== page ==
These are all the things that are swirling through my mind right now, because I’m starting to work on the blog posts for the blog tour for Winter’s Secrets that’s coming out in May (ohgodohgodohgod). I’m also writing other things, because I’ve got a patreon site going now. In short, there are so many words to write, and there seems to be almost no time to write it all. It’s very exciting, and slightly terrifying.
Which means I need to write. Eek!
Now, to allay any fears – I will still be posting here too. And the Advent Story will still be here in December every year. And every so often, I’ll drop story stuff in here. But if you really want to read regular fiction from me, come on over to Patreon. I mean, for $1 a month minimum, you get stories. And the first one is the first book in the Shanna series. (For more money, you get more stuff, of course)
I’m also getting ready to do a blog tour! And boy, do we have some interesting folks willing to host me! The tour starts May 16 and goes to June 16, and I’ll have a full list here as soon as I’m able.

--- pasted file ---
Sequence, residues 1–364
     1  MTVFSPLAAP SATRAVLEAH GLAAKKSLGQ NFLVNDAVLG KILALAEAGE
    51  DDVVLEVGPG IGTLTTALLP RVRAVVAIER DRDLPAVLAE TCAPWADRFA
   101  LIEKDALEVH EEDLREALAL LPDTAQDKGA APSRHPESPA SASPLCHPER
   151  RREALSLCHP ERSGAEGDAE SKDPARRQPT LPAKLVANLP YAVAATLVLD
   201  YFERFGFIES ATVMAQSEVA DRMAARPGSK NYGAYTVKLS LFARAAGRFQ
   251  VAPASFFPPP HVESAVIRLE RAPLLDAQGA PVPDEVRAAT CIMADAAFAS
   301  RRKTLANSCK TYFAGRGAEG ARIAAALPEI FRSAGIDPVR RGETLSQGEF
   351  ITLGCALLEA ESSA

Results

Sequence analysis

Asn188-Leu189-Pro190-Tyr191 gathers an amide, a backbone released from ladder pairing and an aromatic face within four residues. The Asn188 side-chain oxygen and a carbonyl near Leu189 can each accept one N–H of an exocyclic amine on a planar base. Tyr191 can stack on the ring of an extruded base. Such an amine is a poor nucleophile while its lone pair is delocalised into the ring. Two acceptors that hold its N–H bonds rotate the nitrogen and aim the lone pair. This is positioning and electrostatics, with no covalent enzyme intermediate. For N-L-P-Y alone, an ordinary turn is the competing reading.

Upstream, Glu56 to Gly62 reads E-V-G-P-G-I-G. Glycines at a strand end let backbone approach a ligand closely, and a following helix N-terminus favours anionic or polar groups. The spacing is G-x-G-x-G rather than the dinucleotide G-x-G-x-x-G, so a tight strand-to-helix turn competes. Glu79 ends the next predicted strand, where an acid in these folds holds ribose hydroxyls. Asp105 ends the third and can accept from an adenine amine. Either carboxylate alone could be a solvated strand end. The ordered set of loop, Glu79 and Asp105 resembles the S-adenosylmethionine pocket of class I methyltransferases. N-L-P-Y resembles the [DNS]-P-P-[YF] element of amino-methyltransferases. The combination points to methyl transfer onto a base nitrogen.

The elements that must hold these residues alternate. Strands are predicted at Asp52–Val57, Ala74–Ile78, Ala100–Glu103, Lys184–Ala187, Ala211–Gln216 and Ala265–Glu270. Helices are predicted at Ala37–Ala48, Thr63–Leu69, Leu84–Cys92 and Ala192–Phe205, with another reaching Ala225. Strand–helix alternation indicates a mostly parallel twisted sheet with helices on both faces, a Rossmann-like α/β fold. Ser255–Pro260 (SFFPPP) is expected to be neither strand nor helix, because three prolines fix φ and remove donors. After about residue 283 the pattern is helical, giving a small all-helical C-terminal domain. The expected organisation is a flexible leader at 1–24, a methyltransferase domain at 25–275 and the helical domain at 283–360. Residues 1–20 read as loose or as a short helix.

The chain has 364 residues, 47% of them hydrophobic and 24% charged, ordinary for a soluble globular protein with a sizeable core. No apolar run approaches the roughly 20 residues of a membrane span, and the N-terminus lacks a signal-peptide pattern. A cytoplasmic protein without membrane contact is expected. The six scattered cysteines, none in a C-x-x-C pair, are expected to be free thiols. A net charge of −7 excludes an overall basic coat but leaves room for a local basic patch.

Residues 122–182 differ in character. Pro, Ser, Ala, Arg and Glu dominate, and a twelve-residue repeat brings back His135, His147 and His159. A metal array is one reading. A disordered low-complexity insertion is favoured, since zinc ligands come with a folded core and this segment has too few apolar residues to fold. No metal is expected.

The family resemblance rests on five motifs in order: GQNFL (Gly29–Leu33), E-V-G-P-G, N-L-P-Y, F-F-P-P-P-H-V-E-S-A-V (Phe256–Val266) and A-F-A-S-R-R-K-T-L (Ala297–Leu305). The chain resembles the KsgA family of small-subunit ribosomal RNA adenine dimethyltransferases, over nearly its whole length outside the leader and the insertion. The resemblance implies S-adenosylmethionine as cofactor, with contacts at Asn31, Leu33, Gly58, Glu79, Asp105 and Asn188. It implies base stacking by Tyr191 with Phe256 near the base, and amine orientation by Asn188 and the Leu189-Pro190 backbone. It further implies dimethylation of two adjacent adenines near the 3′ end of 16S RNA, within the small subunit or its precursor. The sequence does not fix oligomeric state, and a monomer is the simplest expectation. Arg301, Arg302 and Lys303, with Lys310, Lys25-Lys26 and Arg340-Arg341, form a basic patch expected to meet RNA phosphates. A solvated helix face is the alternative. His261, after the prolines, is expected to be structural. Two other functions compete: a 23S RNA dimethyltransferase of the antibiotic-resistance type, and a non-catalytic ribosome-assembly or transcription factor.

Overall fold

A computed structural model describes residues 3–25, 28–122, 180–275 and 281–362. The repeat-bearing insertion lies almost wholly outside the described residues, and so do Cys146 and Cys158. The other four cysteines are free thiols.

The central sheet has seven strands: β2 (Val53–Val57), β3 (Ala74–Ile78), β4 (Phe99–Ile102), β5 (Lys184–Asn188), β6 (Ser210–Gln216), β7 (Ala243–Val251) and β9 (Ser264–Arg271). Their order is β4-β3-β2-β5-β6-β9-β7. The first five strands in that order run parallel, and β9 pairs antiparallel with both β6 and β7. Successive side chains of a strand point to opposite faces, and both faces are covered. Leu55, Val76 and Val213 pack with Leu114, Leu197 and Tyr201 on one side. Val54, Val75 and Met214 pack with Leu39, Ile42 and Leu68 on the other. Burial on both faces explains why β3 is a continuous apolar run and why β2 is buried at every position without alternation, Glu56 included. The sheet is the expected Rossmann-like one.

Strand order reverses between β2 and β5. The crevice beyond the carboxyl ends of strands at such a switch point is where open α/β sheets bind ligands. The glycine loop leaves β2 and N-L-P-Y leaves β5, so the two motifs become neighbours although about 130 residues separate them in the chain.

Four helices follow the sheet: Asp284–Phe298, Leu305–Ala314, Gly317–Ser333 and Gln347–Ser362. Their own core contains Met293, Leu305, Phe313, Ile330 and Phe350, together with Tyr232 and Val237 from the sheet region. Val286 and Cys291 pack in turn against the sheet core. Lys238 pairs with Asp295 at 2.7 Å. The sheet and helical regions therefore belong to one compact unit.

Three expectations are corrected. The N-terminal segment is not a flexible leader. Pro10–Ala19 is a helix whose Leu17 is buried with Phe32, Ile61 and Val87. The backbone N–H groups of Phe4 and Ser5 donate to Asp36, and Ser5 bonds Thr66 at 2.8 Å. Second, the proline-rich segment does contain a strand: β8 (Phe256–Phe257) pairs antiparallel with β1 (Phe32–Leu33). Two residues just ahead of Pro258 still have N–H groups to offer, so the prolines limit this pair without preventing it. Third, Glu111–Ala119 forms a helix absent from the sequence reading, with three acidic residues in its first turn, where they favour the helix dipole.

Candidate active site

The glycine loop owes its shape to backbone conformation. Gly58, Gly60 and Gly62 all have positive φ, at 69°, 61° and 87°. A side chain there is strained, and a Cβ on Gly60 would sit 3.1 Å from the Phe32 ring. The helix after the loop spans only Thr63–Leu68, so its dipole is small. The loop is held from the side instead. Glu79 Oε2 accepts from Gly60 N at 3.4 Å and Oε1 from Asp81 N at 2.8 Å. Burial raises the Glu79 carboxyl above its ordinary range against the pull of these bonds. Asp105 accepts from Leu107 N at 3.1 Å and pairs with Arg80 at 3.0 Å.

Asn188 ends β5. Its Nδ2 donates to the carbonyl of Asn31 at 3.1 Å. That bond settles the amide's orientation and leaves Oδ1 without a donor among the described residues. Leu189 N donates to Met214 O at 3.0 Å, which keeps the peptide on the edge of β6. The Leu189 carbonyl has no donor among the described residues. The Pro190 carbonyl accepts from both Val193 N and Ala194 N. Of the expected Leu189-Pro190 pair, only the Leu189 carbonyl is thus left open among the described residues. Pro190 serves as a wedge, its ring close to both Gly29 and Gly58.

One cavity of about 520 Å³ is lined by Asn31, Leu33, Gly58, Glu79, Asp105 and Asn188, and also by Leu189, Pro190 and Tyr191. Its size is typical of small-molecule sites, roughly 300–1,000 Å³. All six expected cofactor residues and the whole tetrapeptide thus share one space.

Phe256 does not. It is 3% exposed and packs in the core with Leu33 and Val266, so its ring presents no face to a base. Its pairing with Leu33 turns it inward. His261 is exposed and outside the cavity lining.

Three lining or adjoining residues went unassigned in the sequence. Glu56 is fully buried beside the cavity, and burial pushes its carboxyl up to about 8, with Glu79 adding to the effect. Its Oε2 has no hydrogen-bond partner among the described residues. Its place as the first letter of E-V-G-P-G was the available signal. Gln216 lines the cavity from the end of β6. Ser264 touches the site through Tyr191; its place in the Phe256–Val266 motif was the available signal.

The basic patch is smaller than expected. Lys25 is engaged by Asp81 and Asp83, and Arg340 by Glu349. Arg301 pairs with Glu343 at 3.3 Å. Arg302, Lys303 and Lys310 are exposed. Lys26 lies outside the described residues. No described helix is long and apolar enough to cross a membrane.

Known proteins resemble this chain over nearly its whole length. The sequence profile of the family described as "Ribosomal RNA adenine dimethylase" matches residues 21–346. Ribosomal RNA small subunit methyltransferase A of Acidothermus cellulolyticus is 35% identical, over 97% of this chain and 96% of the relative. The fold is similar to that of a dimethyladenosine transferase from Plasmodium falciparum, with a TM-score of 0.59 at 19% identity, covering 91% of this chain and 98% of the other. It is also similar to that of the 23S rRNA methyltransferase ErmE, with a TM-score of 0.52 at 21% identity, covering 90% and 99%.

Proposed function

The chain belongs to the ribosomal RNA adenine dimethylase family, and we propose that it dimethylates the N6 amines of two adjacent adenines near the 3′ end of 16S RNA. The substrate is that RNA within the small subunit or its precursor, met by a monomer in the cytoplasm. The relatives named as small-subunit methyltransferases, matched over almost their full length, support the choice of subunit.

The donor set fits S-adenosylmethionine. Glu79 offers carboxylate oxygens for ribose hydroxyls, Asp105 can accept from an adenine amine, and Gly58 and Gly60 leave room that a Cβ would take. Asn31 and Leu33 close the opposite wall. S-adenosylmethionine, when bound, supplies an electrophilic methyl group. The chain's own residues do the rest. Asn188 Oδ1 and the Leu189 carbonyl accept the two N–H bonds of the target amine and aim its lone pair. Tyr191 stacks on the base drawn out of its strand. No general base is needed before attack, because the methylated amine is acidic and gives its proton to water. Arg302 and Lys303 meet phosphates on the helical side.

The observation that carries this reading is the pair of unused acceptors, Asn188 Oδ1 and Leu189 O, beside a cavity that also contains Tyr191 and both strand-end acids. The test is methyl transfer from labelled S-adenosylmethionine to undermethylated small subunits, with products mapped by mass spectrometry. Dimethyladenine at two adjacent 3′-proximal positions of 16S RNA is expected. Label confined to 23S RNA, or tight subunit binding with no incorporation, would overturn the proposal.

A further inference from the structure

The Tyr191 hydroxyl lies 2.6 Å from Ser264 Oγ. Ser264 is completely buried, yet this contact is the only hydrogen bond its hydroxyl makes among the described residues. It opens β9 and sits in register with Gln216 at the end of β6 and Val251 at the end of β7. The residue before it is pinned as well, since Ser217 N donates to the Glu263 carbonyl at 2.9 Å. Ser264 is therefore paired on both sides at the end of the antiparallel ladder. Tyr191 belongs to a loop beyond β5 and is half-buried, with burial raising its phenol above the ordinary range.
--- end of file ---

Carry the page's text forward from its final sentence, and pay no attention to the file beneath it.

Now, I gotta get writing!
I won’t lie – it’s been a rough few weeks. But I did finish Winter’s Secrets, and it’s in the hands of beta readers now. We’re on schedule to release at Balticon and ConCarolinas with ACTUAL BOOKS! And tea. Because, well, you can’t do a book release about Carter’s Cove that doesn’t involve tea. And scones. So hopefully I will see you guys there!
In addition, I’m putting together a blog tour for the book release, to happen within the book release time frame. Part of what I’m doing today is setting up the blog tour. If you’d like to be a part of it, drop me a line!